I started writing the official request for donations letter and realized that having a few confirmed donations would help others decide to donate too.  Now, I am sure she gets thousands of e-mails, and people ask her for things ALL the time, but if I could  get Stephanie Pearl-McPhee, also known as The Yarn Harlot, founder of  Knitters without Borders - which has raised over ONE MILLION dollars for Doctors without Borders - to donate to  the auction my goals of raising money and awareness are practically guaranteed.  If even half of her over 13,000 Google Reader subscribers read Julie's Blog I will consider the auction a success.

So, I started writing her an e-mail and I got a little stuck.  It is so hard to find the words to explain how my life has been impacted by Narcolepsy - and why I want to help Julie - and why I think knitters are people who most likely to understand living with a rare, misunderstood and often caricatured disorder.

I was really struggling with my words, and having to get up and move around from time to time to stay alert.  I own and have read several of Stephanie's books - great books about knitting and being a knitter, but I have not read every one of her posts.  I did a quick Google - Yarn Harlot Narcolepsy - just to make sure her life hasn't been affected by Narcolepsy - if it has, I am certain she would have blogged about it.

This is what Google "found":

 Results 1 - 10 of about 1,360 for yarn harlot narcolepsy. (0.37 seconds) 

Search Results

  1. Yarn Harlot: The Secret Life of a Knitter - Google Books Result
    Stephanie Pearl-McPhee - 2005 - Crafts & Hobbies - 240 pages
    Not only do men want sweaters so plain they could give you narcolepsy, not only do they want them in boring colors without even a little "yarn over" to keep ...
    books.google.com/books?isbn=0740750372... -
  2. Yarn Harlot - 2 visits - Jan 31
    Jan 29, 2010 ... Stephanie Pearl-McPhee goes on (and on) about knitting.
    www.yarnharlot.ca/ - 15 hours ago - Cached - Similar -
  3. Yarn Harlot: August 2006 Archives
    I set the book aside for a little while yesterday, and spent a little time away from the narcoleptic glow of my computer screen. ...
    www.yarnharlot.ca/blog/archives/2006_08.html - Cached - Similar -

The first link is an excerpt from her book, "The Secret Life of the Knitter."   I will quote only a small portion of the text to avoid any copyright infringement.  "... men want sweaters so plain they could give you Narcolepsy."

At first, I was really angry.  Not Stephanie... I thought, I own this book, it's my bookshelf!  And then I started to cry.  I read this book, and enjoyed it.  It was a fun read.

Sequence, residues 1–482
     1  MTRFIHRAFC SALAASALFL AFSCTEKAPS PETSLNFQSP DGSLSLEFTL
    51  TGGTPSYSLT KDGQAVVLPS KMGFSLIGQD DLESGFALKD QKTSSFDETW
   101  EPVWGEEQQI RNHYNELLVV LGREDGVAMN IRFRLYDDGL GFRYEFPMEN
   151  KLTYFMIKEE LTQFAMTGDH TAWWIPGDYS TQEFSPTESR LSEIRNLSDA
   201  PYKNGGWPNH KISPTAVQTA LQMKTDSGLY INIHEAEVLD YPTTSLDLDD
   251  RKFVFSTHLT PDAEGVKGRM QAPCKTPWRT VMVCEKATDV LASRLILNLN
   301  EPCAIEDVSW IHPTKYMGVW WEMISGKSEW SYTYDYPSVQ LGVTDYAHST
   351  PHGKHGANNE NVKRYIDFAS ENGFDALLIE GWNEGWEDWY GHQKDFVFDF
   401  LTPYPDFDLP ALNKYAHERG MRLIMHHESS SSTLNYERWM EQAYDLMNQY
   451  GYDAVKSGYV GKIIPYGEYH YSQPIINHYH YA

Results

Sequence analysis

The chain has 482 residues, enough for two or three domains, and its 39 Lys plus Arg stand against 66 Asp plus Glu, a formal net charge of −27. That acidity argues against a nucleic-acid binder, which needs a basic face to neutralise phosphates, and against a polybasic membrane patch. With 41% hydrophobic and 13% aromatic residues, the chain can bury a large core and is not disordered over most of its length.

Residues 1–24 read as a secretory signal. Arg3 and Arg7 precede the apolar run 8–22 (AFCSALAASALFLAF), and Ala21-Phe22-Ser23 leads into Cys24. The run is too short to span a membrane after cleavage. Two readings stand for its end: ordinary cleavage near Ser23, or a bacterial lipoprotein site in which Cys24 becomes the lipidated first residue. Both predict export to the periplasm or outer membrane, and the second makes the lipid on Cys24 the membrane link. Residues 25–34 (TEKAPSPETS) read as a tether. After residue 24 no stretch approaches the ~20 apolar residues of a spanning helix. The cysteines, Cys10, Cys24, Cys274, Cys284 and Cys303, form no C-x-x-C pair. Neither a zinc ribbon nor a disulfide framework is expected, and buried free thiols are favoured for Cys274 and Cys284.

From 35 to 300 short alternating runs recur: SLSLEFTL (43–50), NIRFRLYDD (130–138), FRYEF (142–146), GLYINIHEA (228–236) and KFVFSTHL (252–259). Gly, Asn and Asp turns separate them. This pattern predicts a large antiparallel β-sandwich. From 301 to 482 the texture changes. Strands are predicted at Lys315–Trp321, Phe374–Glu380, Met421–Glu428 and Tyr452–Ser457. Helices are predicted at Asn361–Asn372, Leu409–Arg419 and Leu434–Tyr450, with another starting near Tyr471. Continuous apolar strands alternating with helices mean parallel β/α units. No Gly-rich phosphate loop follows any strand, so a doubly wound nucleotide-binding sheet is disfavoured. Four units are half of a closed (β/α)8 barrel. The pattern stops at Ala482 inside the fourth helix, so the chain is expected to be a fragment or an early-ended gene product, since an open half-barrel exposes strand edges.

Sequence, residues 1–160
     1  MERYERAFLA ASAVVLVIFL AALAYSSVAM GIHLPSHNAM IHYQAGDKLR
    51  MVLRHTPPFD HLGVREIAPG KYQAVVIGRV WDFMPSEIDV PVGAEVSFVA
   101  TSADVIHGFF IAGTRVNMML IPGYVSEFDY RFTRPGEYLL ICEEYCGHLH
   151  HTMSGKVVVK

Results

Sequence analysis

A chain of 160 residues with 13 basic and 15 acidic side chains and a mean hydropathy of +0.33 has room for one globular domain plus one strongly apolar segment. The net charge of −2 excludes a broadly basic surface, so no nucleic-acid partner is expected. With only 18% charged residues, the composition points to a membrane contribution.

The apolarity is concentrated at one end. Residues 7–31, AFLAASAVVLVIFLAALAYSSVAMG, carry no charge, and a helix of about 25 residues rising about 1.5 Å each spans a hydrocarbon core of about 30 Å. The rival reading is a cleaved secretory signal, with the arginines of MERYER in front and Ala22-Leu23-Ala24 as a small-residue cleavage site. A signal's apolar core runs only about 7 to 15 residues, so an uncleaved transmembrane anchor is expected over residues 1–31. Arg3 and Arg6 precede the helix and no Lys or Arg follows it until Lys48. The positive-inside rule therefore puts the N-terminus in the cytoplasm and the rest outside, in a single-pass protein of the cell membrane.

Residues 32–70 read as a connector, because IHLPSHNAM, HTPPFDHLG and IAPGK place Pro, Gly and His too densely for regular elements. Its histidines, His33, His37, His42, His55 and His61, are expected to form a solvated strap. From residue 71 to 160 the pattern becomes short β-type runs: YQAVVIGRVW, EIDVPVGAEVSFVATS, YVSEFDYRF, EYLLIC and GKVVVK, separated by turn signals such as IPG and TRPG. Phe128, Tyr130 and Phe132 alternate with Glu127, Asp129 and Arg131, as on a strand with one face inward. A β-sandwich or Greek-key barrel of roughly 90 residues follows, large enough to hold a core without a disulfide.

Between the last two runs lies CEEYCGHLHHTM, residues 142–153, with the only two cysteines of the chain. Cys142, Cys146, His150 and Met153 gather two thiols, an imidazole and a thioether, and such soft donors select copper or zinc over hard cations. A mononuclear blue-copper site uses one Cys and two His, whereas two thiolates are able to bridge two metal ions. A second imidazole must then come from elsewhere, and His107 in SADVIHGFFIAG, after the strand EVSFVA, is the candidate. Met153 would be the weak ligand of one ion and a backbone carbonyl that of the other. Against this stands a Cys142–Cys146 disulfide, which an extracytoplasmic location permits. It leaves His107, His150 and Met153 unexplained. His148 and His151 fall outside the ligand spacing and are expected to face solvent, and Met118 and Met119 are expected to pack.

(I just finished knitting these mittens and couldn't resist a quick moment to brag.  They are for my mom, and my next post will dedicated to her and will include details about the mittens.)

I read this book at a time when I was really struggling with Narcolepsy, but years away from a diagnosis.  I didn't think anything of the reference when I read it, I might have even laughed.

In early 2005 I was working as a Phlebotomist.  I enjoyed the little chats I would have with my patients to help them relax and distract them from the needle going into their vein.  I remember one patient very vividly.  She was wearing scrubs, so I asked her about her job.  She said she was a Polysomnographer - she performed Sleep Studies which are used to diagnose sleep disorders.

Some people may find this unprofessional, but I asked her if I could tell her about a sleep issue that had been having, and she said yes.  So I told her about my episodes of what I now know to be Lucid Dreaming with Sleep Paralysis, and that these "episodes" started after I had surgery to remove a lesion from my Hypothalamus.  She didn't even have to think before she said, "sounds like Narcolepsy".  The blood draw was over, it was a busy out-patient lab, so I thanked her and she left.

Now, the first question this story asks is:  Why was a Polysomnographer so quick to diagnose my Narcolepsy, and all of the Physicians (all highly trained Specialists - including a Brain Surgeon), failed to refer me to a Sleep Specialist after hearing me describe my "episodes"?

The second question is:  Why didn't I believe her?

To be honest, I thought that people with Narcolepsy fell asleep in the middle of conversations without any warning.  Now, let me be clear, there are people with Narcolepsy who have this type of severe Sleep Attack.  It never occurred to me that a person with Narcolepsy might also feel tired before suddenly falling asleep or that there may be other symptoms - like sleep paralysis.  I also had already been through a lot, and was not ready to take on what felt like the burden of another "label".  I may have told this story to only one other person, my mom.  It feels good to get it out.  I only wish I could find that Polysomnographer - I bet she'd get a kick out of knowing how she was the first to outsmart all of those White coats with Ivy League affiliations!

So, I wrote Stephanie an e-mail.  The e-mail  was similar to this post, but I didn't describe my conversation with the Polysomnographer.  I thanked her though, for helping me face my own past misconceptions about Narcolepsy.  I then asked her to help me educate people about Narcolepsy by donating to the auction.  I let her know I'd be blogging about it, not to call her out but to help me face my past misconceptions.  She must get hundreds of e-mails a day, with many of them asking for help. Knitting Needles crossed - as the knitters say.  I'll keep you posted .....

A "full-circle" day for a Knitter with Narcolepsy!

On a quick side note I finished Cathy's Afghan, and gave it to her on Christmas Day.  She e-mailed me to tell how beautiful everyone though it was - but what was I calling it again?  (she requested it be "smaller" so it's not quite full afghan size)  I told her could call it anything she wanted - she replied:  "toasty awesome".  And there is good news!  Her new Chemo is working - they were able to lower dose so the side effects aren't as bad - and her growing back!

1)  I am NOT a Medical Professional.  Nothing in this blog is intended as Medical Advice.
2)  If you read something about Narcolepsy on this blog that you find to be incorrect, unclear, offensive or interesting please e-mail me at knittingwithnarcolepsy@gmail.com
3)  I am a BAD ASS knitter.  Everything in this blog that relates yarn (and other related fibers and materials) may and possibly should be used as crafty advice.
4)  I LOVE links.  I use Wikipedia whenever possible for continuity.
5)  I am blogging anonymously in order to avoid any discrimination from current of future employers.  Please respect my anonymity.  If you know who I am, which many of you do, please do NOT use my name in your comments.